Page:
The country was one of the 116 allowed to name new planets and stars in honour of the 100th anniversary of the International Astronomical Union (IAU), the body responsible for naming newly discovered stars and planets.
“When I was just rereading some Nordic mythology, it struck me that these would be really good names for the star and the planet,” Lars A. Buchhave, a professor at DTU Space, told the Politiken newspaper.
Buchhave was the sponsor of the name 'Surt' and one of the people sitting on the competition committee.
“Denmark's planet, which will from today be called Surt, is extremely hot, because it orbits so close to its star, which is now called Muspelheim. So it lives up to the story that Muspelheim was a hellish place outside which Surt stood guard.”
Buchhave was also the astronomer who discovered the planet, which is 1,050 light years away from earth. Back in 2011 he observed that the light from Muspelheim dimmed slightly every six days.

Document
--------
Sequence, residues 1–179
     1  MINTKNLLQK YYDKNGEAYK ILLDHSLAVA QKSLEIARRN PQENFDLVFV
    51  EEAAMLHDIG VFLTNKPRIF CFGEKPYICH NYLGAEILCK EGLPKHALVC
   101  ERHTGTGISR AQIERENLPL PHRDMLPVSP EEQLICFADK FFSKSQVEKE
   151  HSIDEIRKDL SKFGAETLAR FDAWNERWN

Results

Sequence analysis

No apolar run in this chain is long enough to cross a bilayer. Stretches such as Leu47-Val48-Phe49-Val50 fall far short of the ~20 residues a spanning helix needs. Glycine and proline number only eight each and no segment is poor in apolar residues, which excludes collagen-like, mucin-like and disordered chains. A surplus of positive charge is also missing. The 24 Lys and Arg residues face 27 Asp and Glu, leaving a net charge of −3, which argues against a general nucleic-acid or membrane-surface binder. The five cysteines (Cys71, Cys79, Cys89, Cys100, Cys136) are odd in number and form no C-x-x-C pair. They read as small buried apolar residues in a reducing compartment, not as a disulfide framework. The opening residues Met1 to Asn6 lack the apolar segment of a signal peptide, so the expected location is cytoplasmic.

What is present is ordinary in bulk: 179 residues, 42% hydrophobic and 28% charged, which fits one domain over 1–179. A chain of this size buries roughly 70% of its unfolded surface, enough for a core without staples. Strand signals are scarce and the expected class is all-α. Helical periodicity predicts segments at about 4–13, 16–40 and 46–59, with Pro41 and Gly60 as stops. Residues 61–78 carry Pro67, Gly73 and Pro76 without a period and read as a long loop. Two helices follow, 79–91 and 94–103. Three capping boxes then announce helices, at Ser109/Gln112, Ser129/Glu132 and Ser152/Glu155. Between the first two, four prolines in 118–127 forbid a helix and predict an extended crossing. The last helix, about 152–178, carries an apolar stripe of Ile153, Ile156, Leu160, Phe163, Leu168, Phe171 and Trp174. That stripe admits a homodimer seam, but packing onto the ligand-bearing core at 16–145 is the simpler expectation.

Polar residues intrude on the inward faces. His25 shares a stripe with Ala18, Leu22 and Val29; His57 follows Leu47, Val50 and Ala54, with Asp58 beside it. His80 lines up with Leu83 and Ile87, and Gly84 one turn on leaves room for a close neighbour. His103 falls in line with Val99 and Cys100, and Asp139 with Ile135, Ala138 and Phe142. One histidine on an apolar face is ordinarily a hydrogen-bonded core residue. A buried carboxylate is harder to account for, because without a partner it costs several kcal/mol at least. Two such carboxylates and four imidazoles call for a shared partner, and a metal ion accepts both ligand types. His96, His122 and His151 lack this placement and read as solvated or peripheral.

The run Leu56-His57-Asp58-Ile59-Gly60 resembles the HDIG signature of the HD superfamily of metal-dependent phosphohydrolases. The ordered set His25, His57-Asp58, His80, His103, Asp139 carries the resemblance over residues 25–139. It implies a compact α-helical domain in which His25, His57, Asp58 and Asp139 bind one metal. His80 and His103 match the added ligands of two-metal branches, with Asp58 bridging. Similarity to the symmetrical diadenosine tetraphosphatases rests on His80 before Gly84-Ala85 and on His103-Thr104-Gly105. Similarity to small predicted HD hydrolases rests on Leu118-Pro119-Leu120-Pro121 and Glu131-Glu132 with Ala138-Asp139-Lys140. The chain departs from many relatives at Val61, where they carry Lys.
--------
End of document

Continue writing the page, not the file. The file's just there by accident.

Surt, or Surtr, from the Old Norse for 'black' in reference to his charred appearance, is the fire giant who, according to Norse mythology, will lead the giants into battle during Ragnarok, the end of the world.
He arrives from Muspelheim, the southern region of heat and fire, and then lays waste to the cosmos with a burning sword before it sinks beneath the sea.
The Giant with the Flaming Sword (1909) by John Charles Dollman. Photo: Wikimedia Commons
“The IAU100 NameExoWorlds campaign provided the public with the exciting opportunity to help with the naming of over 100 new worlds and their stars, and to help the IAU establish a thoughtful naming theme for naming future discoveries in those systems, NameExoWorlds Project Manager, Eduardo Monfardini Penteado said in a press release announcing the new names.
In 2019, 112 countries organised national campaigns that stimulated the direct participation of over 780,000 people worldwide. Over 2000 Danes voted for one or more of the 860 name proposals, in a competition organised by Aarhus University.